The Early Bird Does NOT Get the Worm!

by j1 reporter Anna Grace Cook

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The Cook-Book of Life 

RING RING You hear the warning bell at 7:50 a.m., alarming students that class is starting and the day has officially begun. Girls start to shuffle to their first period of the day, still groggy and clutching to their coffee, waiting for the very last moment to throw away the liquid salvation.  Many are still half asleep, as they make their way through the school day. Marian, along with schools across the nation, start school too early.

 

On average, adolescents and teenagers need more sleep than the average joe. Our brains are still developing and growing. But with the outrageous start time for school, many students are getting 8 or less hours of sleep each night due to extracurricular activities. Either that, or the student is a night owl verging on becoming an insomniac.

Now a days, students are not simply just students. They’re athletes, artists, actors, musicians, etc…the list could go on and on. Along with being more than just a student, teens participate in service work, clubs, and have jobs. A new American ideal could even be considered as a result of all that students take on: multitasking. As students we often times juggle several different activities in our busy schedule.

With all of these activities, sleep can be the last thing on a student’s mind. From finishing worksheets for a science class to staying late after school to perfect the school musical, girls at Marian can get stressed out. And with such an early start time for school, when students’ brains aren’t even functioning, seems a little cruel.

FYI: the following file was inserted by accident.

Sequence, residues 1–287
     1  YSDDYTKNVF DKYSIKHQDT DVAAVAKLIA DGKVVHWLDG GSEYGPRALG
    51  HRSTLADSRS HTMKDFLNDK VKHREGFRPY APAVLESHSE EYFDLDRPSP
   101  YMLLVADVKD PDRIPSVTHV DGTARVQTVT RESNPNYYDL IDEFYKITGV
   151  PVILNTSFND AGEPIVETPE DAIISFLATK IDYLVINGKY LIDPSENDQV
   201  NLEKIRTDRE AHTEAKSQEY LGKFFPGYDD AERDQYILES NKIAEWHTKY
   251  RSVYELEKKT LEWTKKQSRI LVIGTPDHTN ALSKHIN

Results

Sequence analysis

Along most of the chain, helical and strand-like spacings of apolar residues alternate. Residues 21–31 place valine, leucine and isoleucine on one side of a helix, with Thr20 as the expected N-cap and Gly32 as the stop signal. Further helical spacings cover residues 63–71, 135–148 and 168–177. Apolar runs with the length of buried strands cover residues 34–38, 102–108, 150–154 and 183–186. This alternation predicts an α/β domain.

According to adolescent sleep studies performed at Stanford, they discovered “phase-delay”. Phase-delay, to sum up, is feeling more awake the longer one stays up. For teens in the study, phase-delay affected their internal clock, telling them to stay up longer when they were extremely tired.

Sleep is extremely important for the developing body and mind of a teenager. By going to bed at 11-12 p.m. or even later is extremely unhealthy for teens who should receive an average of about 8-9 plus hours to function properly. Though 8-9 hours isn’t the full amount of sleep that teens should get each night.            

Without enough sleep, students can become less motivated and dedicated to their studies and extracurriculars.With all of this in mind, Marian should consider changing the school’s start time. A later start time will be beneficial to everyone, especially students.

At this time in our lives, trying to find our own identity and live up to high standards and expectations, we need as much sleep as we can get. That being said, more sleep could possibly be the answer to a lot questions and maybe even prevent caffeine addiction from becoming an epidemic at Marian.

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